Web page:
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7-Misc: Canadian National Farmers Union calls for compensation for "genetic pollution"



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TITLE:  Canadian farmers seek compensation for "genetic
        pollution"
SOURCE: Nature Biotechnology Vol. 17, by Brian Hoyle
        sent by AGNET, Canada
DATE:   August 1999

----------------- archive: http://www.gene.ch/ ------------------


Canadian farmers seek compensation for "genetic pollution"

Brian Hoyle, a science writer based in Bedford, Nova Scotia,
Canada, writes that five years after genetically modified (GM)
crops became available for use in Canada, the Canadian National
Farmers Union (NFU; Saskatoon, Saskatchewan) is lobbying the
Canadian federal government to legislate industry compensation
for unintended genetic alteration of crops. NFU members, which
include both organic farmers and those who grow GM crops, decry
the "genetic pollution that has infringed on the livelihoods of
farmers or the general public."

The move follows the NFU's annual meeting last December, in which
a resolution was passed opposing the use of GM organisms. NFU
spokesperson Stewart Wells was quoted as saying, agricultural
biotechnology is a "gigantic experiment." To Wells, an organic
farmer from the province of Saskatchewan, it is the airborne
contamination of his canola with GM varieties of canola that is a
problem.

Ann Clark, an agronomist at the University of Guelph in the
province of Ontario, was quoted as saying, "Canola pollen can
move up to 8 kilometers; [pollen from] corn and potatoes, about 1
kilometer," citing New Scientist (vol. 160, issue 2158, 1998)
"Wind is only one of the ways pollen moves. Canola pollen, for
example, is carried by pollinators."

The Canadian government's national standards for organic
agriculture, announced in April, prohibit the use of GM organisms
but have yet to define a tolerance level for genetic pollution.
Under the threat of airborne contamination, Wells and other
organic farmers could lose their organic certification because it
will be impossible to guarantee that their produce is free of
genetically engineered traits.

The story says that organic crop production represents a
significant segment of the Canadian agri-food industry,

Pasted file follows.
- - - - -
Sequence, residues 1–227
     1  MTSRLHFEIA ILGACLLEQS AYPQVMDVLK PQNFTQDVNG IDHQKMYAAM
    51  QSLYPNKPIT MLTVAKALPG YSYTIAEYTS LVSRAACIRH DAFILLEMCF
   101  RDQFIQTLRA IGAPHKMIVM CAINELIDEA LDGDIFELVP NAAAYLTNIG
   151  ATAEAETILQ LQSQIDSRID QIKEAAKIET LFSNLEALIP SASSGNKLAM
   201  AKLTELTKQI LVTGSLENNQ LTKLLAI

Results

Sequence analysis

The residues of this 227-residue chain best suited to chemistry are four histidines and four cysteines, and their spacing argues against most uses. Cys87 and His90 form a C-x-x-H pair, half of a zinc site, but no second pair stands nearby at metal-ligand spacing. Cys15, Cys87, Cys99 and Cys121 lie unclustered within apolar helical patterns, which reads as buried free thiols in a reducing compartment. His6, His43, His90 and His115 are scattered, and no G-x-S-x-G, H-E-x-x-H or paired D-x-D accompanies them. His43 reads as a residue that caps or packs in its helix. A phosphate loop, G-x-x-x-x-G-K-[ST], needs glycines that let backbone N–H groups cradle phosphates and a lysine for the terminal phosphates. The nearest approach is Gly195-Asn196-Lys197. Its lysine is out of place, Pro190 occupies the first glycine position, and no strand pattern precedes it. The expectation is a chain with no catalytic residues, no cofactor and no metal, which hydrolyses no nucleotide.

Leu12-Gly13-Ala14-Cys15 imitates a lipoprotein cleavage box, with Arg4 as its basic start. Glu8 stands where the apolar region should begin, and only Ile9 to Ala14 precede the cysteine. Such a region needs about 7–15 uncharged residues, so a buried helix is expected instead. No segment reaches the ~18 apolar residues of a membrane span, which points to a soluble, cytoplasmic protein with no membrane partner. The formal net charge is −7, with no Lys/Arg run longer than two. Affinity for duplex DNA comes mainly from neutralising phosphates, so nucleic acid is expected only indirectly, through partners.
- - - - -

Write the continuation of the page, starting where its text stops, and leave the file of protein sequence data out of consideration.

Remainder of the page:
approaching Canadian $1 billion dollars (US$0.68 billion) in
sales annually. Sales are growing at 20% per year, according to
the Canadian Organic Advisory Board. However, the nation's
farmers have already lost markets for canola in Europe -- from 83
tonnes in '94/95 to 20 tonnes in '97/98, according to Canola
Council of Canada figures--some of which is attributed to
uncertainty over whether the Canadian canola is genetically pure.
Clark was quoted as saying, "Exports are being vastly hurt right
now." The story says further lossses in canola markets would be a
blow to the Canadian economy; canola seed exports accounted for
22% of Canada's agrifood exports in 1997.

Moreover, farmers who cultivate GM varieties also claim to be
affected by "genetic pollution." Tony Huethers, a canola farmer
in the province of Alberta, planted several GM cultivars
purchased from Monsanto (St. Louis, MO) in 1997. One field was
sown with Quest, a Roundup (glyphosate)-resistant cultivar.
Another field, 30 meters away across an intervening road, was
sown with Innovator, a Liberty (glufosinate)-resistant cultivar,
and 45A71, a cultivar resistant to Pursuit (imazethapyr).

The intervening distance between the fields exceeded the standard
buffer zone of 6 meters. Two applications of Roundup herbicide
last year to the field sown with Innovator and 45A71 killed all
the weeds but revealed glyphosate-resistant canola in the field
sown with the other cultivars. The population was thickest near
the road. Airborne dispersal of pollen from the glyphosate
resistant plants was suspected, given that the nearest source of
natural pollination, a commercial bee hive, was 13 kilometers
away. 



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